By Kevin Muir of “The Macro Tourist” fame; reposted here with permission
It was about a month ago that President Trump first warned us. Having finally figured out he had considerable power to affect trade policy, Trump went on the offensive.
As I always promise, I will leave politics aside and refrain from making a judgment about whether his policy is in the best interest of the United States or the world in general. No sense arguing about the merit of Trump’s decisions, they are what they are. I would rather examine what this policy might mean for markets going forward. But before we do that, it’s helpful to remember how we got here today.
It’s easy to forget that not too long ago China’s economy barely registered on the global stage. In 1995, China’s GDP made up less than 2% of the world economy.
China was in the midst of a monumental reform that would transform their economy from an agriculturally-based rural third-world nation into a dynamic increasingly urban-based manufacturing powerhouse.
But their first step was to devalue their currency.
In a series of moves that culminated with the final markdown in January of 1994, the Chinese devalued their currency by over 80% in a little more than one decade.
In doing so, the Chinese artificially undercut the entire world by keeping their currency at depressed levels. Capital flooded into China as global manufacturers rushed to take advantage of the cheap labour and the even cheaper currency.
As capital entered, the Chinese government faced a problem. The demand for Yuan caused upward pressure on the currency. If the government allowed the currency to rise, it might negate the economic reforms the leadership was trying to accomplish. Desperate to maintain the cheap currency, the Chinese government maintained the peg by selling (creating) Yuan and buying US dollars (and other currencies, but since the US dollar is the reserve currency, it ended up being largely US dollars).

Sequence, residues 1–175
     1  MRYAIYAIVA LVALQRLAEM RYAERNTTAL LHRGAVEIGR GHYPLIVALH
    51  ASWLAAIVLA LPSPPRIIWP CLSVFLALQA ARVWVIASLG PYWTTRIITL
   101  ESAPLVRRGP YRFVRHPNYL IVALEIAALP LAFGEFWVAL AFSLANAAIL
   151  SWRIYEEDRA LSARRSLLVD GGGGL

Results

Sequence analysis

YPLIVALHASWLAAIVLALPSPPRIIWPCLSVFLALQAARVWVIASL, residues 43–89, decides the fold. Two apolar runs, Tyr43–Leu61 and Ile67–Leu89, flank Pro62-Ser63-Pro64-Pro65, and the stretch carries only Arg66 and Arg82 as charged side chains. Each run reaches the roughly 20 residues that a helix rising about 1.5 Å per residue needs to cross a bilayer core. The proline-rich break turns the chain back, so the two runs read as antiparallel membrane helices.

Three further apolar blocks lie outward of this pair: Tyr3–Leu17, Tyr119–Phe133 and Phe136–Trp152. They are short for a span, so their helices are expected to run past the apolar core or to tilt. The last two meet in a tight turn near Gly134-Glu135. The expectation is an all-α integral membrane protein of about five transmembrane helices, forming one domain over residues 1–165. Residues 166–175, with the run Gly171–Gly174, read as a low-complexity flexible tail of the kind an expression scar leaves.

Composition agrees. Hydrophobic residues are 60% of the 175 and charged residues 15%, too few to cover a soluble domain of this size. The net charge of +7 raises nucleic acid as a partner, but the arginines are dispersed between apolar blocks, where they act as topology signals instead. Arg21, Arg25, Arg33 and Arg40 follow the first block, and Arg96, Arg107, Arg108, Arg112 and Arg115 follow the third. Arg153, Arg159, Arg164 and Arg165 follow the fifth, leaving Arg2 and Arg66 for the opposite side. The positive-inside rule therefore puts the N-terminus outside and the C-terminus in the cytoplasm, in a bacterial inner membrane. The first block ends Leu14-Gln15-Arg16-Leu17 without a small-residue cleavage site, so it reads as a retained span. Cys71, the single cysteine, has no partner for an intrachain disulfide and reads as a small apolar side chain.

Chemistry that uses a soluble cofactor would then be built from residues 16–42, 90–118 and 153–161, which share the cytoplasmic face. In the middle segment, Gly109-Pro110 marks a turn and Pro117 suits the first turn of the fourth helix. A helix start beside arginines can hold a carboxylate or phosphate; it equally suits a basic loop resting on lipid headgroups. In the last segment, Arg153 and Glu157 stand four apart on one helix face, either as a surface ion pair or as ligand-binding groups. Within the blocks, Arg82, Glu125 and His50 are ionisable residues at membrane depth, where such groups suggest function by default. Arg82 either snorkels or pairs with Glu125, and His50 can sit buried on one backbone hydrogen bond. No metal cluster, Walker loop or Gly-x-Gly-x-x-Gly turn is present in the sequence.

China’s foreign exchange reserves grew at a fierce rate. From almost zero in 2001 when China entered the WTO, their fx reserves rose to $4 trillion in 2013.
This massive growth has had tremendous implications for the global financial system. As the Chinese government sold more Yuan and bought U.S. dollars, they reinvested the USD back into US Treasuries and other relatively safe fixed-income vehicles. This had the effect of pushing interest rates lower, which when combined with the falling rate of inflation from the cheap Chinese goods that were entering America, sent bond prices rocketing higher. As interest rates fell, many consumers were able to refinance their mortgages (or take out equity home lines of credit), which allowed them to buy even more Chinese goods. This, in turn, caused the Chinese government to have to sell even more Yuan and again buy USD, thus creating a self-reinforcing feed back loop.
To some extent, the credit excesses that led to the 2008 Great Financial Crisis were the direct result of the Chinese economic reform. China’s transformation had the effect of creating lower inflation and lower interest rates in the rest of the developed world.
I know this is a simple explanation of a much more complex interaction between China and the rest of the world. Yet, at its heart, this is what happened from China’s economic rise.
So, if we assume that Trump wants to reverse this process, then what’s the logical outcome?
I would argue that it will result in higher inflation and higher interest rates. Especially if the Federal Reserve chooses to monetize any slowdown that would be the result in the trade tariffs.
An earlier tweet by Arun Chopra from Fusion Point Capital seemed especially spot on:
Trump is attempting to unwind 30 years of Chinese mercantilism in a month long twitter feud. I would agree that given the stretched nature of the equity markets, there is a lot of risk that it might develop into a full-on trade war.
Yet, I wouldn’t be so quick to think that the US stock market will be the biggest loser from such a development. As long as Central Banks are willing to monetize the slowdown, the real danger will be how long-term bonds react.
And as usual, I see little reason to believe the Central Banks won’t be there with the printing press ready to run. In fact, the ECB’s second in command has already hinted at delaying tapering due to the escalating trade dispute. From a Bloomberg article:
Protectionist sentiment has already “contributed to tighter financial conditions,” Coeure said on Friday at the Ambrosetti Forum in Cernobbio, Italy. “A ‘trade war’ scenario would add to global uncertainty at a time when some central banks have only just begun the process of unwinding the unconventional policy measures put in place following the global financial crisis.”
The ECB, which is currently considering when to halt its bond-buying program, has repeatedly warned that any unwarranted tightening of markets could delay its exit from stimulus.
Inflationary protectionist trade policies combined with accommodative Central Bankers seems like a long-term bond investor’s worst nightmare. Time to add to the steepeners?